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Mount Ruapehu - New Zealand

Posted: Fri Aug 12, 2011 1:33 am
by Kiwi Beeman
We have just completed our second 8 foot igloo on the lower slopes of Mount Ruapehu at Tongariro National Park in the central North Island of NZ. We chose a site low on the mountain because there was a forecast for rain coming in the next day or two. In this National Park there are 3 ski fields which get good snow coming up from Antarctica but also get rain coming down from the tropics.
Our first igloo built out of very dry powder took us 7.5 hours to build and only lasted 10 days before getting rained out.
This time we had the opposite, a thin layer of very fresh wet snow on top of a layer of very hard icy snow. This was great to pack but much more time consuming to gather. It would sinter together if left in a heap too long. We cheated a bit by doing 3/4 of the first layer and then putting the second layer straight onto a hard icy section at the back. This seemed to work out Ok and saved a lot of chipping. The build time was 5 hours but the base was so hard that an ice axe was needed to dig the entrance and trench. All up it took 6 hours from start to finish. We are making some progress.
The only construction problem we seem to have is not getting to holes 7 and 8 on the last few layers, possibly we are too keen to finish and are closing in too soon.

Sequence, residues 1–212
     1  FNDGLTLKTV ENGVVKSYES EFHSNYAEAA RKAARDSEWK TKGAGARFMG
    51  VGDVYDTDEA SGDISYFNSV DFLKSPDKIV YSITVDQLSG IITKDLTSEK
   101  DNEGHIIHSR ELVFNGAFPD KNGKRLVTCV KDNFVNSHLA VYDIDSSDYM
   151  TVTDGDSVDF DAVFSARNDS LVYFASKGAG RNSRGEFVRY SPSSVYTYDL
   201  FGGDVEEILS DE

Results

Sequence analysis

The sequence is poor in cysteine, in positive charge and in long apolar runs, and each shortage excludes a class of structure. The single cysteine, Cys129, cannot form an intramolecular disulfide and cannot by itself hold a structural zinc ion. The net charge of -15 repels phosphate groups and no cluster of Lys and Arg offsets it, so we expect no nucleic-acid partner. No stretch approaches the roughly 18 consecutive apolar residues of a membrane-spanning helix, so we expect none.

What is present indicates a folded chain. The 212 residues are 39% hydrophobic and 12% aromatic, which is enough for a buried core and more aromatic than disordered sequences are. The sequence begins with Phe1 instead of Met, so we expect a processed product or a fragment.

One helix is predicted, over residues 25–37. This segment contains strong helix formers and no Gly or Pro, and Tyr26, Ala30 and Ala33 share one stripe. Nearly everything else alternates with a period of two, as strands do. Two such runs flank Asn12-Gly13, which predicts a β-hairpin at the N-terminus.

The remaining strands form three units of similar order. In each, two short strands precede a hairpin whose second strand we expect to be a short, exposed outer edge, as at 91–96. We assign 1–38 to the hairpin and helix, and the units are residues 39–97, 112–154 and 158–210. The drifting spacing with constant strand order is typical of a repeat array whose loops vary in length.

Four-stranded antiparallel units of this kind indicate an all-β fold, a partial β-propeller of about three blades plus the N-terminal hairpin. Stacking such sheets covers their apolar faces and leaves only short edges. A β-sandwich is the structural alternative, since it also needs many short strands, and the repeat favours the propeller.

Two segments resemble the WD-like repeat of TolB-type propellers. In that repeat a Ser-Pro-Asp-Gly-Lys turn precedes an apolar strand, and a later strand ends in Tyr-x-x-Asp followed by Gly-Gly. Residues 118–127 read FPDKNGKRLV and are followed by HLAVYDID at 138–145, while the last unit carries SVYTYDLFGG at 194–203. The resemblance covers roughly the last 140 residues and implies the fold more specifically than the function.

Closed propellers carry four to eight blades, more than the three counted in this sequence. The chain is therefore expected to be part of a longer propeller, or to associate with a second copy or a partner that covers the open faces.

My wife and I slept comfortably in the igloo for one night and woke to a light rain in the morning. If the igloo lasts for 2 more days a very cold southerly will give it fresh coating of snow and set it up nicely for a while.

Re: Mount Ruapehu - New Zealand

Posted: Sat Aug 13, 2011 12:56 pm
by Igloo Ed
With the base snow being that hard, I can understand the slanted floor at the back of the igloo and the top of the door being above the sleeping floor. I was wondering if the snow base wasn't deep enough to dig down deeper. I've done the same thing in early season when I dig down to the ground and the foundation still isn't flat. Other times, I've ran into rocks where I incorporated them into the wall or even the floor.
Good to see your build time going down. With different snow conditions and having to go further for snow, you did well and learned a new technique. The walls are much stronger/denser with the sticky snow in comparison to the cold powder you used previously. Generally, the wet snow melts slower and compresses less than the cold powder but it is also closer to the melting point and can start sagging pretty quickly if the weather continues to stay warm.
I find I can't get to the last holes in the poles either on the 8 ft. igloo and it is usually because I fill the form to full. The 8 ft. should be 2 inches short of being full on each block. The shape of your igloo looks correct but usually if the form is filled to the correct fill level, the igloo has more shoulder room.
Glad you had a good night in the igloo and I hope that cold spell catches the igloo before it sags to much.
Thanks for the trip report.